As the practice of carotid artery stenting (CAS) has grown over the past decade, along with a greater acquired experience with the procedure and equipment, and rapid improvement in outcomes, the natural progression of the field is to look for further opportunities to refine the technique and improve the technology so as to create an even safer and therefore more effective stroke-preventative procedure.
Among the possible improvements suggested as critical to reducing procedural stroke is in stent design. This discussion has come about for a variety of reasons, which have been well described by my opponent in this debate. I will submit here, however, that an analysis of the data—without the requirement to suspend disbelief— will lead away from the concept of the stent as being significantly responsible for procedure-related stroke in CAS. This determination is important because it means that we will not hang our hat on the advancement of technology in stents, but rather spend our efforts on more productive and effective pursuits.
For those of you unfamiliar with my opponent, she is not someone to be trifled with. She is well educated, having earned a PhD in embolic protection, highly experienced in complex carotid stenting, and exceptionally articulate in both spoken and written forms. Nevertheless, I will humbly offer my most reasoned arguments in hopes of dissuading you from this siren’s song.
The premise of this debate, in a nutshell, revolves around the concept that open-cell stents (which are made that way to increase flexibility and conformability) are too porous, and that, as compared to closed-cell stents, open cells are too large and permit emboli more readily. However, the physical basis of this argument is in question because the minimal circumferential unsupported area (MCUSA, the biggest circle that one can fit through a cell) does not materially differ based on cell structure, ranging between approximately 0.90 and 1.10 mm in diameter. Moreover, the filters that are used with these stents have pore sizes approximately one-tenth of this diameter, such that any liberated procedural debris this size should be adequately retrieved by a well-functioning filter.
LOOKING BEYOND INTUITIVE SENSE
Before presenting my perspectives on stent design in CAS, let’s deconstruct my worthy opponent’s arguments and see if they hold water. The first argument is that specialized stents for specific vascular territories make intuitive sense. In defense of this argument, stent grafts for endovascular aortic aneurysm repair are paired with superficial femoral artery stents, and the unique design requirements inherent in each are offered as de facto proof of specialized device requirements. The problem with this line of reasoning is that, in each case, an irrefutable failure mode and mechanism (device migration and stent fracture, respectively) was identified before the iterative improvements of these devices, such that the design goal was clear from the outset.
The topic of this debate and the arguments that follow will be evidence enough that no such unassailable proof of the failure mode of carotid stents exists on which to base design changes or subsequent testing. In other words, what shall we tell our engineers we want from their next design? What specifications shall we require based on what data, and what mechanism of failure can we test to?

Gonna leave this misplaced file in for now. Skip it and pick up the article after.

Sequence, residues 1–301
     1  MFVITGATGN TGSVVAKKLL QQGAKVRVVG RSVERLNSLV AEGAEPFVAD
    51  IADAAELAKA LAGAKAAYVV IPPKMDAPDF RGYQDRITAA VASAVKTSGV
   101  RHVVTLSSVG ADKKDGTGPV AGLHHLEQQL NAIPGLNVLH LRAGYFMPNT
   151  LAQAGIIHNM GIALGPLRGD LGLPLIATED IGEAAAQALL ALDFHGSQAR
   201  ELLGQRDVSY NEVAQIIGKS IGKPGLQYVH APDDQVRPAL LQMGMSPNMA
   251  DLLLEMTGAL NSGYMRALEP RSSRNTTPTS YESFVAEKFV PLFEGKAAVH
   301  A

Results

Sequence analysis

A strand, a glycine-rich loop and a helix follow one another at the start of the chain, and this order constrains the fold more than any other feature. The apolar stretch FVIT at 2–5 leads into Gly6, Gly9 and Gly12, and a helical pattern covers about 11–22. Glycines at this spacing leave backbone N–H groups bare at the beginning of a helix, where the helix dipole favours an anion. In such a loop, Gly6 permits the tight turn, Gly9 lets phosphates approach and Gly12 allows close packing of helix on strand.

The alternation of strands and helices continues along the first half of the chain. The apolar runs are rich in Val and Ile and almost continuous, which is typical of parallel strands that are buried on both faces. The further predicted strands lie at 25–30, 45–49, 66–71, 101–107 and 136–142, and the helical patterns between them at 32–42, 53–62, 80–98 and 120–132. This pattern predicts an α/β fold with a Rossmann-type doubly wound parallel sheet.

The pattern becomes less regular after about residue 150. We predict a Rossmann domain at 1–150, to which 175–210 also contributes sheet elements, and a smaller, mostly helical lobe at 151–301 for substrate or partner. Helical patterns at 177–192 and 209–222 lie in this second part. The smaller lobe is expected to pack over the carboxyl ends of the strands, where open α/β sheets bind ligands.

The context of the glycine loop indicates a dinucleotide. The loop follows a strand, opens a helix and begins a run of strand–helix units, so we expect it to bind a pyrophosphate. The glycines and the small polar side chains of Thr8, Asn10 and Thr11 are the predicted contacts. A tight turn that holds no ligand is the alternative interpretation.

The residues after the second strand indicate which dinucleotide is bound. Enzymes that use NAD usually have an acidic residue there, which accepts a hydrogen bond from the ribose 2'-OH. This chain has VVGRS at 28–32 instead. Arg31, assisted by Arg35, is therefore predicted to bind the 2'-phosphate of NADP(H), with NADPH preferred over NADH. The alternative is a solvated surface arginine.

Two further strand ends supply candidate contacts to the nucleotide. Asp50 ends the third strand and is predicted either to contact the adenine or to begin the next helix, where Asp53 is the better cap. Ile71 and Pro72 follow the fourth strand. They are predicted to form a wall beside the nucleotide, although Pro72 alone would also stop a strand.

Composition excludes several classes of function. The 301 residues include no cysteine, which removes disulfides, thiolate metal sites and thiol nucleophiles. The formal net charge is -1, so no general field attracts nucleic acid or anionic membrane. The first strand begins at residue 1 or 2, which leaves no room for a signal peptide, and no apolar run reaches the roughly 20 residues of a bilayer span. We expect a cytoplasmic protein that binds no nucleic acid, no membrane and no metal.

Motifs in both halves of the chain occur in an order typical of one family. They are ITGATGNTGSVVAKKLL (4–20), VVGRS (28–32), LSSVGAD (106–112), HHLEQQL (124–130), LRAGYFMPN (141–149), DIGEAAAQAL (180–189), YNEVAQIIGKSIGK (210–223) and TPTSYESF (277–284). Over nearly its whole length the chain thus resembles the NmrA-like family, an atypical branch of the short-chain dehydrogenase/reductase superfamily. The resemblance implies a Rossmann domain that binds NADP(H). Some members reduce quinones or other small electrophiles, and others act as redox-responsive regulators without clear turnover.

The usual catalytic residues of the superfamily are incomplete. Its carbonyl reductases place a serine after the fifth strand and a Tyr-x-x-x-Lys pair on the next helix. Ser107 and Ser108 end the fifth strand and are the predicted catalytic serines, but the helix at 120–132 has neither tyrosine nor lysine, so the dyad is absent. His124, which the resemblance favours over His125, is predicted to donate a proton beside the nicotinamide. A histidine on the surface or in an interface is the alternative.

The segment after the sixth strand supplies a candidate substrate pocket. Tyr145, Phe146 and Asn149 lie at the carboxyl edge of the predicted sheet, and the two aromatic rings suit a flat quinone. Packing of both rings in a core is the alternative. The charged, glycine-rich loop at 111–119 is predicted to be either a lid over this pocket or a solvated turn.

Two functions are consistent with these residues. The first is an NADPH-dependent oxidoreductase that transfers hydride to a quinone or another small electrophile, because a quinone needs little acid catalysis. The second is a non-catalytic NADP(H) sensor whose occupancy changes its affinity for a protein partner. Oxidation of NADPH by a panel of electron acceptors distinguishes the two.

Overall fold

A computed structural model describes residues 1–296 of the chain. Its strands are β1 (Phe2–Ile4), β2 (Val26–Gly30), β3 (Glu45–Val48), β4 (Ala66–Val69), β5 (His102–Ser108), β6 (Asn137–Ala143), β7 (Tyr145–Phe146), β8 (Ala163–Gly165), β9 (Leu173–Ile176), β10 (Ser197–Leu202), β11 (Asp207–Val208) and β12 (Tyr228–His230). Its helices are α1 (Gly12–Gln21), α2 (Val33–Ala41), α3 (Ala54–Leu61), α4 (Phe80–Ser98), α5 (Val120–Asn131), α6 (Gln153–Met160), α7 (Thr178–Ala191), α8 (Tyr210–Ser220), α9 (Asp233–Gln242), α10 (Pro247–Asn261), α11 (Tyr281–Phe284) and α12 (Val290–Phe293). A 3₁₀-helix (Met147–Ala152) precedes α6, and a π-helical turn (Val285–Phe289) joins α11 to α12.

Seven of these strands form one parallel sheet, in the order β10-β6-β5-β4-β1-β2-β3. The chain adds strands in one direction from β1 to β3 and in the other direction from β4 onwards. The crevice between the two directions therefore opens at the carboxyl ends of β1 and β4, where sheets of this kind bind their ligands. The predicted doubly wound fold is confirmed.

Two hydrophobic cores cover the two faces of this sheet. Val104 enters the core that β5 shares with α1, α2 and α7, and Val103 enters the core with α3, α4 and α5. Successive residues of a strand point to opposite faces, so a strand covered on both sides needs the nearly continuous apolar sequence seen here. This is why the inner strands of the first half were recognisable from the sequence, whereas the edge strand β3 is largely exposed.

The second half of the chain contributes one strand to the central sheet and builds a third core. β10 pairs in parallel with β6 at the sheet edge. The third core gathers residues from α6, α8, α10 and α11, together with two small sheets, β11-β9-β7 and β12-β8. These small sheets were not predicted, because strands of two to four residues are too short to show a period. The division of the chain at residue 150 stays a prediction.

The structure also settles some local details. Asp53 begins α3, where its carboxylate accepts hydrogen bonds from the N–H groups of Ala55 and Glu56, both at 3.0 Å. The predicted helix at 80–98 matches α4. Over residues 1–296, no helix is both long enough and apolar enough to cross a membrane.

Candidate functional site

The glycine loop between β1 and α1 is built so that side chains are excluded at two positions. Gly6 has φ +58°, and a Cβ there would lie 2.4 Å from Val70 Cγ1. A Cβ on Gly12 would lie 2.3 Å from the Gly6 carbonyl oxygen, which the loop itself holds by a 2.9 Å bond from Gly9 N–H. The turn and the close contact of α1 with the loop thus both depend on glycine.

FLAWED STUDIES AND INSUFFICIENT DATA
The second argument offered is frankly not very robust, and although my adversary acknowledges this up front, she presents it anyway. The various publications positing that stent design has any influence on CAS outcomes are so methodologically weak so as to be dismissed res ipsa loquitur, that is, as speaking for itself. Specifically, all of the data sets that are referenced by my opponent are not randomized, are retrospective, with only one being prespecified. Therefore, they are subject to profound operator stent selection bias. Selection bias can take several forms, such as using open-cell stents in more complex and tortuous anatomy, which could be compounded by the fact that such anatomy is found in older patients. Because these data were not controlled or corrected for such issues, it is easy to see how quickly confounded the outcomes and conclusions can be. Worse, in the Bosiers analysis, if one removes the nonstandard component of transient ischemic attack from the composite endpoint, no significance between stent types remains.
Statistically, there are also flaws with the studies cited: an ad hoc retrospective analysis with multiple samplings no longer becomes significant at P < .05, but rather at a much smaller P value, something that these studies did not account for. Moreover, it would take significantly more than 5,000 patients to detect even a 1% difference in death and stroke based on stent design. If one wished to compare open-cell and closed-cell stents (which is what the cited studies purport to do), we do not have to look any further than the prospectively gathered and analyzed CAPTURE (open cell) and EXACT (closed cell) registries.1 These had the same inclusion/exclusion criteria, many of the same operators, they represent thousands of patients, and there were no differences in 30-day death/stroke/myocardial infarction outcomes (5.7% vs 5.1%, respectively).